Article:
I cranked the thermostat up a notch. It was not freezing, the temperature was in the lower 40’s, but after several days of persistent rain, an unwelcome guest, the dampness, was starting to creep in. Our 1890 house has many charms, but energy efficiency is not one of them.
Mimsy and I set out for our final stroll of the night. Neither of us pleased to be out in the weather, but it had to be done. We walked down the sidewalk as the cars traveling up and down Elizabeth Avenue created a spray and swooshing sound unique to tires on wet roads.
Mimsy had her mind on the scents contained within the piles of damp leaves along our route, my mind was on two funerals confronting us this week. We humans have a habit of attributing deaths that happen close to major holidays as somehow more tragic than those happening on a date with nothing more important than Fire Prevention Safety Week on the calendar. It’s not true, but hey, that’s what we humans do.
As Mimsy was busy sniffing, I thought of the two people recently deceased. One, a former co-worker, a woman only slightly older than myself. She had the gift of selfless giving and attending the needs of others before herself. She will be missed. The other person … well, I feel sorry for the minister asked to give the eulogy.
Funerals seem to come often these days. It goes with the territory, I suppose. As Christians we have the head knowledge that we are not saved by our works or inner goodness, but as the tendrils of dampness find a way to sneak into my house, thoughts of doubt and insecurity sneak into my mind. What have I done? Have I made a difference? Have I contributed to the great ledger? Will I, in some small fashion, leave the world a better place? Why am I even here?
It’s a safe bet you will never see my portrait on the cover of Time magazine as Man of the Year or read the announcement that Poppy has just won the Nobel Peace Prize, an honor I would kill for. (sorry, couldn’t resist)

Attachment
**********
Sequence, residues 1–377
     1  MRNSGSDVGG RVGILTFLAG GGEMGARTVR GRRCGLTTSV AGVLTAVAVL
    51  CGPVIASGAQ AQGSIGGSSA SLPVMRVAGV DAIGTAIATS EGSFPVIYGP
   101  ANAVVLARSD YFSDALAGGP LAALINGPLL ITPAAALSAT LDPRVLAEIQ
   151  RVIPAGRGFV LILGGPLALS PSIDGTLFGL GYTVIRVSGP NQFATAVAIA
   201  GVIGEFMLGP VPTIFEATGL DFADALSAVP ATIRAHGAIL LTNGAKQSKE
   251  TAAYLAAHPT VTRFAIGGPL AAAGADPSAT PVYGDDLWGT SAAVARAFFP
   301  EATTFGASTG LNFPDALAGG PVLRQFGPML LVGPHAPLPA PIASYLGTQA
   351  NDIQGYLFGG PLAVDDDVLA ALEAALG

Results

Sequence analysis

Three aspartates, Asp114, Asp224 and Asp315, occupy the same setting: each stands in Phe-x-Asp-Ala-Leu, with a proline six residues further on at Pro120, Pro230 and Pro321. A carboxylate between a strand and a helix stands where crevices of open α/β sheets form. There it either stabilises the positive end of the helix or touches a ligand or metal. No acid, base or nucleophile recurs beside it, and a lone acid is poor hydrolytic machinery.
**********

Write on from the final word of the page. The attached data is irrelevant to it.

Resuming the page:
There will never be any fanfare over any action of mine, angels will not suddenly appear, singing a heavenly chorus above my head. (this is for the best as it would scare the crap out of Mimsy and myself)
I am as far from a celebrity or public figure as is possible. My sphere of influence is limited to my family, co-workers, neighbors, the check-out people at the grocery store ( because I’m there every other day). If I am to make any sort of difference, to contribute to the great ledger, it is with these people. Fortunately they are just as ordinary, just as flawed as I am.
I would love to be a veritable cornucopia of the fruits of the Spirit; love, joy, peace, patience, kindness, goodness, faithfulness, gentleness and self-control … but I am not that guy. My best hope is to let a little of God’s grace show through, maybe just a touch of patience as the lady in front of me at the checkout line slowly and thoroughly searches through her purse to find the pennies needed to pay for her purchase with exact change.
2 thoughts on “Two Funerals, a Cold Rain and the Great Ledger”
She is missed already. Too many deaths lately. It truly does make you ponder your effects on this earth.
Lovely, as always. Condolences. And Merry Christmas!